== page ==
with senility. There I remained as a nurse aide until
after Easter in April 1948, when the New Zealand schools
reopened. The polio epidemic was over by then.
In April Mother arranged for Alek's and my transfer to
schools in Christchurch. Mrs. Maureen Baker, an old
friend of Uncle Lovat, lived in Wellington. She kindly
met me at the Wellington railway station and directed me
onto the inter-island ship bound for Lyttelton. Mrs.
Baker had helped us to obtain our entry permit to New
Zealand and had kept in touch with us after our arrival
in this country. Alek arrived in Christchurch a few days
before me, with a group of Polish boys from the Pahiatua
Camp. He was already enrolled at St. Bede's College when
I arrived. Mother met me at Lyttelton, from where we
traveled by train together to Christchurch. I was allowed
to spend the weekend with her at the nurses' home at
Burwood Hospital. On the following Monday I was enrolled
at Sacred Heart College as a fifth form student. Shortly
after this Mother was transferred to a small maternity
hospital at Amuri in North Canterbury. where we spent our
May school holidays.
Unfortunately, Mother was unhappy In this isolated, rural
community hospital, so she requested a transfer to
Wellington. This occurred towards the end of our school
holidays. A kind local couple, Mr. and Mrs. Croft, took
us into their home when Mother left Amuri for Wellington.
They were friends of Mother's acquaintances Mr. and Mrs.
Munro, who farmed nearby. A few days later the Morrison
family from Christchurch visited their friends, the
Munros, in Amuri. On hearing about our plight they
offered to take us to their home In Christchurch. When
the May holidays ended Alek returned to St. Bede's
College, but I remained at Spreydon with the Morrison
family. Mother could not afford to pay school fees for
both of us, so I had to leave school without any
qualifications, after six weeks' attendance at Sacred
Heart College In Christchurch. That short period, and
another of the same length at the Pahiatua district High
School in 1947, was my only opportunity of secondary
education in these early years In this new country.
I managed to obtain employment in the mail-order office
of Ballantynes, a large department store in Christchurch.
My task was to attend to mail orders received from rural
customers. My net weekly wage was 30 shillings and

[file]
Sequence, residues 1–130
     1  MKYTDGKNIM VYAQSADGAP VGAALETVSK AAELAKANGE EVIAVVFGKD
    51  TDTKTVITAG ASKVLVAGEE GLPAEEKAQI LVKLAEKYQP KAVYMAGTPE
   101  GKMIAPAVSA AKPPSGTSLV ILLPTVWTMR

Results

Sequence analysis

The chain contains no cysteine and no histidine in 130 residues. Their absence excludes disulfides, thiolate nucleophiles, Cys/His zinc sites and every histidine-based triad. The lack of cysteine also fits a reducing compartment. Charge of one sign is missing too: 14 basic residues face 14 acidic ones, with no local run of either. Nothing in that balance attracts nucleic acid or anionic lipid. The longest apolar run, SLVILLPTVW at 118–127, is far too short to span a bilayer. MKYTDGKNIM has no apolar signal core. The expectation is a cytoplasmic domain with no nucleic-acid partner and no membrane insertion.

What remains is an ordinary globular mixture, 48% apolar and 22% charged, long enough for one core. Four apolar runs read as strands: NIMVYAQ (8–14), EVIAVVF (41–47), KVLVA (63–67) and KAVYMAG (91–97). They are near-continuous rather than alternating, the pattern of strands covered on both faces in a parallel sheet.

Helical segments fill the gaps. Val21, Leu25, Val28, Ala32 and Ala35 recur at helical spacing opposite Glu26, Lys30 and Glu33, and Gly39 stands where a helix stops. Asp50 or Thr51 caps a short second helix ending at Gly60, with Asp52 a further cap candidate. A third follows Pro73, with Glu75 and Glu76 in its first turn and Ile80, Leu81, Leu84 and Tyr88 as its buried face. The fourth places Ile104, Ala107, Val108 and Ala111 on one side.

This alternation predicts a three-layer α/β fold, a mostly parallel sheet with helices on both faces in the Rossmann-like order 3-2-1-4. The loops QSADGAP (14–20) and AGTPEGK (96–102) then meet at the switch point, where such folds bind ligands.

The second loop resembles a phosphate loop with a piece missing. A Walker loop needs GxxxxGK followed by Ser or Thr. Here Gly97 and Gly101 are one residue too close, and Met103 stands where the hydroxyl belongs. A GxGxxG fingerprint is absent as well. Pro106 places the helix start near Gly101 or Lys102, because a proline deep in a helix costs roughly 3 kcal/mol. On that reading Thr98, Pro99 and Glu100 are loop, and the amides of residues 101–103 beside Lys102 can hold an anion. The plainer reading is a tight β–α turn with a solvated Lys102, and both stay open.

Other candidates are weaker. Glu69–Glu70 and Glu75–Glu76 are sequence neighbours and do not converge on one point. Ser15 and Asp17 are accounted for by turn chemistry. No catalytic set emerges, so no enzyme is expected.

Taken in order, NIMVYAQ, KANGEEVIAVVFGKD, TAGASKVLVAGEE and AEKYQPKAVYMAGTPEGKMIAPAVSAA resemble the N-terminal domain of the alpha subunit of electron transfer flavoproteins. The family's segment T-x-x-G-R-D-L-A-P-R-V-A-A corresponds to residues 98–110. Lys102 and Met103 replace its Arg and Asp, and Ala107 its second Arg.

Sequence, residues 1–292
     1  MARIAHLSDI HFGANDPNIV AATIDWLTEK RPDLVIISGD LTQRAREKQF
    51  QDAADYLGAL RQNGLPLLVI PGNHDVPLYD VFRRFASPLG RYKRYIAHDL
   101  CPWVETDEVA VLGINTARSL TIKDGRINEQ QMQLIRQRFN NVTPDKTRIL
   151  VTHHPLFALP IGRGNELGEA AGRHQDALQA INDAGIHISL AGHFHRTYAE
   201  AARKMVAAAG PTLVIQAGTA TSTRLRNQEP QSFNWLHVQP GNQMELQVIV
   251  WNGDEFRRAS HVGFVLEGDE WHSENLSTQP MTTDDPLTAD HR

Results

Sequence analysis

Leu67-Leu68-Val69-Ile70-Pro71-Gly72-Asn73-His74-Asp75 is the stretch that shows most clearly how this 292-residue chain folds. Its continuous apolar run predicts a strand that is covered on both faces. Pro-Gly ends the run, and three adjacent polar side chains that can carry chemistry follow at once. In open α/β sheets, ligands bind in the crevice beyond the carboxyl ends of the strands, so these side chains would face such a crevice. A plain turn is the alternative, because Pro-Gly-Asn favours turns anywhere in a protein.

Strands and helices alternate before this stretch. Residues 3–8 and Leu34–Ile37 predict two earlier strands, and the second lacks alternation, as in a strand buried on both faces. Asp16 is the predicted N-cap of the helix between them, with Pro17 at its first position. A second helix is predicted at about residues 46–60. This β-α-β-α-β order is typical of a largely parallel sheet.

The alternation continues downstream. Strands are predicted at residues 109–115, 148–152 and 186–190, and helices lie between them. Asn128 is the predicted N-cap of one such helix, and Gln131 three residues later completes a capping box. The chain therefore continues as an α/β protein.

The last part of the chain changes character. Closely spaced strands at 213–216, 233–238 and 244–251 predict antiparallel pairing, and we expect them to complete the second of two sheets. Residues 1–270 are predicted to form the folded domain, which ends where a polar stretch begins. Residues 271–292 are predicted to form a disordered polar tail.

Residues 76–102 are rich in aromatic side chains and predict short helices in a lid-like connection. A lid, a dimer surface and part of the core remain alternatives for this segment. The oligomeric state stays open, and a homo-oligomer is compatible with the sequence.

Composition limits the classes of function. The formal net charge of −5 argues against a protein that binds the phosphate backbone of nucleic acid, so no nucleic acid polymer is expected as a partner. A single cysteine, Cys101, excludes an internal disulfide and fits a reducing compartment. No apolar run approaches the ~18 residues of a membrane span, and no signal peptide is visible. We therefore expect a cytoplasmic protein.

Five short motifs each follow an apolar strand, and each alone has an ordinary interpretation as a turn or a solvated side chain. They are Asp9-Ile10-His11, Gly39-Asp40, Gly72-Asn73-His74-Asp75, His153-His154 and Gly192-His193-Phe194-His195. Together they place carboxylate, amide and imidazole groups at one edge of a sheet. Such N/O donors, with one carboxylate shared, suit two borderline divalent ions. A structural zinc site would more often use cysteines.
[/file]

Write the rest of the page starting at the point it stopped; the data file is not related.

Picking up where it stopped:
sixpence. Out of that amount I paid 25 shillings board
weekly to Mr. and Mrs. Morrison. My weekly concession
tram ticket cost five shillings, so I was left with a
sixpence to spend on myself every pay day. I desperately
needed warm clothes for the winter in Christchurch, which
was extremely cold in comparison with the Indian winter.
Mrs. Morrison and a kind neighbour with two daughters of
her own, Mrs. Ryan, gave me various essential items of
clothing. Somehow, with their assistance I managed to get
by. With the Morrison's encouragement I enrolled at night
school to learn shorthand and typing.
My first social encounters In New Zealand were the Sunday
evening Catholic youth meetings, which I very much
enjoyed. I attended these socials with Shirley and Bev
Ryan and the Monison's two elder sons Mervyn and Kevin.
Their youngest son Brendon was still at primary school
then. Now at 17 years of age, exposed to a new culture,
and with only occasional contact with my mother and
brother, I missed the stability of my own family
dreadfully. I had had no father since the age of eight
and now I missed him more than ever. Although I was
fortunate to have the friendship of the Morrison and the
Ryan families, I felt like an outsider without my own
family. I recall a very happy evening spent with them all
at Mrs. Ryan's house across the road from the Morrison's
home, where we all enjoyed singing by the piano, In the
warmth of their home. This was followed by a splendid
supper and a friendly talk before I returned to the
privacy of my room at Mr. and Mrs. Morrison's residence.
That night I was very upset and cried myself to sleep.
After experiencing that happy family atmosphere, I felt
more than ever the lack of a close family bond, with the
love and security that was part of it. I should have
counted my blessings, but as an immature adolescent with
strong suppressed emotions In a new cultural environment,
I was incapable of an impartial, objective assessment of
Finally, Mother managed to settle down in her new
position as a midwife at the Wellington Public Hospital.
She obtained a couple of rooms in a house in Berhampore.
I was then able to join her In Wellington, while my
brother Alek remained at St. Bede's College in
Christchurch as a boarder.